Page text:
WGS 492: Internship in Women's and Gender Studies - ShoutOut! JMU Weblog 
Section 0002 | Alison Bodkin | TBD

The mission of ShoutOut! JMU is to provide the JMU community with accurate and constructive information concerning events, legislation, cultural criticism, and resources for women’s rights and personal health on and off campus; to foster a safe space for members of JMU’s community for interactive, informed and constructive dialogue; as a collective, to advance the cause of women and other marginalized groups by means of these conversations; the goal of this blog is not to convert readers to feminism, but instead to raise consciousness of the diversity of perspectives toward understanding everyday inequities. Check back at the end of October 2016 for the link to an online application.

PSYC 310: The Psychology of Women and Gender
Section 0001 | Kala Melchiori | TuTh 2:00-3:15pm

An examination of research and theory regarding the abilities and behaviors of women and the changing roles of women. Consideration is given to biological, developmental and societal determinants of sex and gender. Prerequisite: PSYC 101 and junior-level status.

SOCI 336: Race and Ethnicity
Section 0001 | Shaneda Destine | MW 2:30-3:45pm

This course examines the social construction of race and ethnicity around the world and how they influence social processes, institutions, change and ideology. The course will include discussions concerning the intersection of race and ethnicity with other aspects of social inequality such as class, gender, sexuality and nationality in contemporary society.

Courses that will Receive Substitute Credit

ENG 222/222H: Genre(s)
Topic: Women’s Literature
Section TBD | Mary Thompson | TuTh 12:30-1:45pm

This course introduces General Education students to the study of women’s literature through an examination of late-20th century American women’s fiction and nonfiction.

ENG 414: Advanced Studies in Genre
Topic: The Many Lives of Jane Eyre
Section 0001 | Heidi Pennington | MW 2:30-3:45pm

The Many Lives of Jane Eyre: Adaptation in Literature and Film Since Jane Eyre’s publication in 1847, there have been a number of adaptations of Charlotte Brontë’s classic novel about the eponymous governess, who is “poor, obscure, plain” but distinctly independent-minded. Jane famously “resists all the way” as she struggles in and writes her way through a class-conscious, patriarchal world. In this course we’ll ask what it is about Jane Eyre that makes it so consistently compelling to audiences in different times and places. What changes with each new imagining? And how do we, as readers or viewers, identify a “Jane Eyre” story across these different media? Throughout the semester we will pay close attention to narrative and filmic form, theories of adaptation, and representations of gender, race, and class to inform our understanding of Jane Eyre’s persistence and cultural significance.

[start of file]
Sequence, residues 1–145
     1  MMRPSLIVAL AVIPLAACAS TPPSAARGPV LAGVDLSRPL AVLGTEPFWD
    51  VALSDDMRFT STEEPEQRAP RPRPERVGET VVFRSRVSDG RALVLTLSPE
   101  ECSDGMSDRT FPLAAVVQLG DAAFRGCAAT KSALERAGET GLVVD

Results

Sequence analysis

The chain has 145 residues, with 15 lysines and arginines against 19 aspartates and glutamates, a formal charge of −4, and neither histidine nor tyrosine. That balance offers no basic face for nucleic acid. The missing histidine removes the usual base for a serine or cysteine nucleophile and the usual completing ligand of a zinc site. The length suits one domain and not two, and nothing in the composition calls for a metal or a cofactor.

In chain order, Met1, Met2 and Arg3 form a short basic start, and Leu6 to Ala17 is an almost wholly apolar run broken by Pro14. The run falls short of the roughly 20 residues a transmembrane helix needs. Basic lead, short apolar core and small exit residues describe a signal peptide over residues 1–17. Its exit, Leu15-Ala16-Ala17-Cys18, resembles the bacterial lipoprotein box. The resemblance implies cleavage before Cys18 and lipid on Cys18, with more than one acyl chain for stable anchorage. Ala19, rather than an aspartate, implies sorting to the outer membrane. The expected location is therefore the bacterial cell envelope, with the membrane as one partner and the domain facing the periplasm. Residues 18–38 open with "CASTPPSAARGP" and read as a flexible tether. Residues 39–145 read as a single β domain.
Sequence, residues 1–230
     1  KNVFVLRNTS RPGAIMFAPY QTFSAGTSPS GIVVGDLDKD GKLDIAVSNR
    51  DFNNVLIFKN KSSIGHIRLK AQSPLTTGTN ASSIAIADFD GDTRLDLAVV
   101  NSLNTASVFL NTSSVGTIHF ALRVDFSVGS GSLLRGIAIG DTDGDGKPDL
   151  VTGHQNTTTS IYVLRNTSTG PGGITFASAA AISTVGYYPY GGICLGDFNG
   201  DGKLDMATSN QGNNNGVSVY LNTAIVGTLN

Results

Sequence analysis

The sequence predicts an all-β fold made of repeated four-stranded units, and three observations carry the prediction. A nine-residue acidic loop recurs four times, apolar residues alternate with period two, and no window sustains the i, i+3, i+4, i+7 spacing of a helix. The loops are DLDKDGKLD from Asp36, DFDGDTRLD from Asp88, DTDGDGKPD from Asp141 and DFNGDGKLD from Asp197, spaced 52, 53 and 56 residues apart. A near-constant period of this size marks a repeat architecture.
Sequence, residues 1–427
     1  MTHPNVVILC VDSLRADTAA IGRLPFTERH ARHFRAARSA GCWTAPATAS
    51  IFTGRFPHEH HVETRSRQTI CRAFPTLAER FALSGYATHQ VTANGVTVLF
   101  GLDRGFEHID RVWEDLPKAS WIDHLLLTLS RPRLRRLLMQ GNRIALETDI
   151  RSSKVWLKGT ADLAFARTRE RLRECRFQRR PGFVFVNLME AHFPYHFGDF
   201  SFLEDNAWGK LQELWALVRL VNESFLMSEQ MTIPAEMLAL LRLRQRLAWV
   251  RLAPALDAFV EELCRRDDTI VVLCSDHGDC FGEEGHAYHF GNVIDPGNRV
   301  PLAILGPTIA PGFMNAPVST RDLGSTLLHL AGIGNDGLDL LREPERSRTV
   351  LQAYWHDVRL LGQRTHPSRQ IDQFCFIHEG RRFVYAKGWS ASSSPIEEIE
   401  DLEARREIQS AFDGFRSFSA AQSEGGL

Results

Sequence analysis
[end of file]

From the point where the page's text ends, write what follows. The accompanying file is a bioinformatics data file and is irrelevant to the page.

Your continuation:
HIST 150: Critical Issues in Recent Global History
Topic: Women and Revolution
Section 0002 | Jessica Davidson | MWF 10:10-11:00am
Section 0003 | Jessica Davidson | MWF 11:15am-12:05pm

This course examines issues in recent history as a means to introduce, develop and enhance critical thinking skills and to supplement writing, oral communication, library and computing skills objectives for General Education Cluster One. A seminar format allows for careful examination of issues in both oral and written formats. The course emphasizes the development and articulation of well-reasoned arguments in organized and grammatically acceptable prose. May be used for general education credit. May not be used for major credit.

NSG 393: Issues in Family Violence
Section 0001 | Sandra Annan | Online

This course introduces students to the roots of family violence, including the political, cultural, social, and economic structures that perpetuate violence, and explores approaches to changing those structures in order to reduce or end violence. Students will think critically about the local and global impact of family violence, how it intersects with other forms of oppression, and achieve an understanding of these issues that will be useful intellectually and personally.

SOCI 354: Social Inequality
Section 0001 | Bethany Bryson | Online

Course covers the systems of stratification and inequality in the United States including race, class, gender, religion, sexuality, ethnicity and nationality. Discussion will center on their role in providing rationales for oppression and discrimination in society and their relationship to the distribution of power and ideological control.

SOCI 395: Special Topics in Sociology
Section 0003 | Bethany Bryson | Online
Topic: Gender, Inequality, and Queer Theory

Examination of selected topics which are of current importance in sociology.

 

Back to Top